Nicola Sturgeon quizzed over 'trust' of Green Party
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Members of the Holyrood pro-independence party will vote today on whether to put their party into government for the first time in the UK, as part of a deal with the SNP. The deal will see co-leaders Patrick Harvie and Lorna Slater becoming ministers.
But leading Holyrood politicians and commentators issued stark warnings ahead of the crucial vote with fears the agreement could decimate the Scottish economy.
Veteran broadcaster and political journalist Andrew Neil, said: “These are not your average Greens.
“The Scottish Greens are a radical-Left amalgam of 21st-century hard-line eco-activism and old fashioned Marxist class war – anti-business, anti-capitalist, anti-monarchy, anti-individual freedom, anti-car, anti-UK, anti-wealth and, above all, anti-economic growth.
“They make the Greens south of the border sound sensible by comparison.
“So why is Sturgeon welcoming them into her tent and giving such extremists their first dose of power?”
Mr Neil claimed the deal will “easily wreck Scotland” and stressed the party was led by “inexperienced chancers Patrick Harvie and Lorna Slater”.
He concluded: “To make common cause with an anti-growth party like the Greens will hardly burnish her pro-business credentials.”
Alex Cole-Hamilton MSP, leader of the Scottish Liberal Democrats, said: “This agreement looks to be pretty thin gruel for the Greens and confirms that for them, independence comes first before even the climate emergency.
“Voters who want a party determined to fight that emergency without the baggage of nationalism should switch to the Lib Dems.
“They’ll now have to carry the can for the many failures of the SNP and there can be no question that they are now part of government and should not in any way be treated as part of the opposition when it comes to parliamentary business.”
Donald Cameron MSP, Scottish Conservative Constitution spokesperson, said: “After failing to win a majority, she has had to turn to the extremist Greens to try and drag Scotland through another bitter referendum at a time of an economic crisis.
“That is completely reckless when we should be 100 percent focused on protecting jobs, rebuilding our communities and fully remobilising our NHS.
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“Independence will always trump everything else for Nicola Sturgeon and her Green allies, even as we only just begin to recover from the devastating effects of the pandemic.”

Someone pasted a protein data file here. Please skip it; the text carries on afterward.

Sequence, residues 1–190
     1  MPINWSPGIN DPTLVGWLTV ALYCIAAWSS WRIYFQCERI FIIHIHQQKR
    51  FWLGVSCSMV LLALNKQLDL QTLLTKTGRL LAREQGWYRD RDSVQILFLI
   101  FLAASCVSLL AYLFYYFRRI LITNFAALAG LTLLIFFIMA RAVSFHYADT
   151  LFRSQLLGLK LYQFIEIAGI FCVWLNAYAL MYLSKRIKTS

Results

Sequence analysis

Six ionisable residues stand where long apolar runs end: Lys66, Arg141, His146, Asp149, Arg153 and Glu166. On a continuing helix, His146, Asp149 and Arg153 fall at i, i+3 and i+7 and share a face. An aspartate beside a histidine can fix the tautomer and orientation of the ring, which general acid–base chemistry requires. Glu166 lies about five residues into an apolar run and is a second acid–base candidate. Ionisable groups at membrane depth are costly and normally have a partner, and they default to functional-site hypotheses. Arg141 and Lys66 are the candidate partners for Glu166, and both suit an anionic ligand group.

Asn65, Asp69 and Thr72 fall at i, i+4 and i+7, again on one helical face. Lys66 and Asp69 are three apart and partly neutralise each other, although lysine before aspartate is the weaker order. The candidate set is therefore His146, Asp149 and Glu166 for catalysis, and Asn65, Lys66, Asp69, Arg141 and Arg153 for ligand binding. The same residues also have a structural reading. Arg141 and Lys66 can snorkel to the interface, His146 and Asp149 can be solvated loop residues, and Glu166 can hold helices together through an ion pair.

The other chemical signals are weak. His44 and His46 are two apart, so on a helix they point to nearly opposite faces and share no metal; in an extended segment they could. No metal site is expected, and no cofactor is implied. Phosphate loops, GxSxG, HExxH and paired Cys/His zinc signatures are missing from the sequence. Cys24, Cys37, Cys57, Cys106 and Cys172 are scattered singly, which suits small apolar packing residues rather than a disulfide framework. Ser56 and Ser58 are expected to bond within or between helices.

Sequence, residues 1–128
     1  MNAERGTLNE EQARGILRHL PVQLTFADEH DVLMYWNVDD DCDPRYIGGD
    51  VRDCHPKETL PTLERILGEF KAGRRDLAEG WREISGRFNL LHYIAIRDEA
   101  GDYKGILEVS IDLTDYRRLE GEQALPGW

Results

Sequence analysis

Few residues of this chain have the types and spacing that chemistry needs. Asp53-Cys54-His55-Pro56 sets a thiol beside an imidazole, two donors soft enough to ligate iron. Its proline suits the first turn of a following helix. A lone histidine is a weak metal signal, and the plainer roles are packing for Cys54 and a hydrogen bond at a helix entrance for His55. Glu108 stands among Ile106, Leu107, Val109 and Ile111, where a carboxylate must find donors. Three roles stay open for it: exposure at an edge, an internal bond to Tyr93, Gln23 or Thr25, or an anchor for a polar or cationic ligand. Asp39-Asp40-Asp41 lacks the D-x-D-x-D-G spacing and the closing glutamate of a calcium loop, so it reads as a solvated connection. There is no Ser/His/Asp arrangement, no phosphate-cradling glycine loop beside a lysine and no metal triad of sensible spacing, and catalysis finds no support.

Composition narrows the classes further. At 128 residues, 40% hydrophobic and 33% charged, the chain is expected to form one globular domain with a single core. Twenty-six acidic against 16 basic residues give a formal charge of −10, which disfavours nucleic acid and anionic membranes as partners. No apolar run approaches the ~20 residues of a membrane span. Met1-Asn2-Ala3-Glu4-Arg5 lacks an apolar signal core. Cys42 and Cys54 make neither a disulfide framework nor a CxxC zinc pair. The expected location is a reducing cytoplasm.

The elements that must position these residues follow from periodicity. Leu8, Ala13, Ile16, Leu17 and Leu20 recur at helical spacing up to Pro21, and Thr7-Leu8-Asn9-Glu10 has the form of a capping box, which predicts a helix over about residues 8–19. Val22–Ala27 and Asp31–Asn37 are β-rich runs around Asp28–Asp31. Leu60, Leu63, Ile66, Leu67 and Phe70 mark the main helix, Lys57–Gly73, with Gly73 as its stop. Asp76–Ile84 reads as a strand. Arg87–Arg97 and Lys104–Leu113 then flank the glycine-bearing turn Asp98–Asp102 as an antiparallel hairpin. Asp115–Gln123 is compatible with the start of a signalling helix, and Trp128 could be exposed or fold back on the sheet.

According to the Greens’ internal rules, if the membership rejects the agreement the deal cannot go ahead.
The SNP’s National Executive Committee (NEC) has already backed the deal.
Ahead of the extraordinary general meeting on Saturday required by the party’s constitution, both leaders urged members to support the deal.
They insisted the agreement will be good for Scotland, the country’s efforts to tackle the climate crisis and contains “transformational” policies such as implementing rent controls.
Mr Harvie said on Friday it feels “incredibly exciting” to be on the brink of government.
He added: “Our members will decide whether we’re going to take this historic step and put Greens into government for the first time, not just in Scotland, but in any part of the UK.”
SNP President Michael Russell said of the deal: “The agreement isn’t about us becoming one party with the Greens, the SNP will always be the SNP.
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“It is about us doing politics and governance better to find solutions to the problems that the world faces today.”
An SNP source said of Mr Neil’s comments: “We’ve always thought Andrew Neil wasn’t our biggest fan.
“Freed from BBC rules on balance and impartiality, he instantly expresses a dislike for our party constantly.”
Negotiated over the summer after the SNP fell one seat short of an overall majority in May’s election, the deal involves a shared policy platform agreed by both sides which would be pursued by the Scottish Government.
This includes an agreement to pursue another vote on Scottish independence before the end of 2023, if the threat of coronavirus has subsided.
It covers the majority of domestic policy, with 10 areas excluded as the two parties do not agree on these issues so are not expected to support each other.
The role of gross domestic product (GDP) in measuring economic growth, public funding for defence companies, membership of NATO in an independent Scotland, field sports and the regulation of selling sex are among areas outside the scope of the agreement.
The Greens also pledge to back the Scottish Government in confidence votes and annual budgets – if they have sufficient input into the process.
The members’ vote is expected to end in the early afternoon and will then be ratified by the party’s National Executive Council with a result declaration expected by mid-afternoon.
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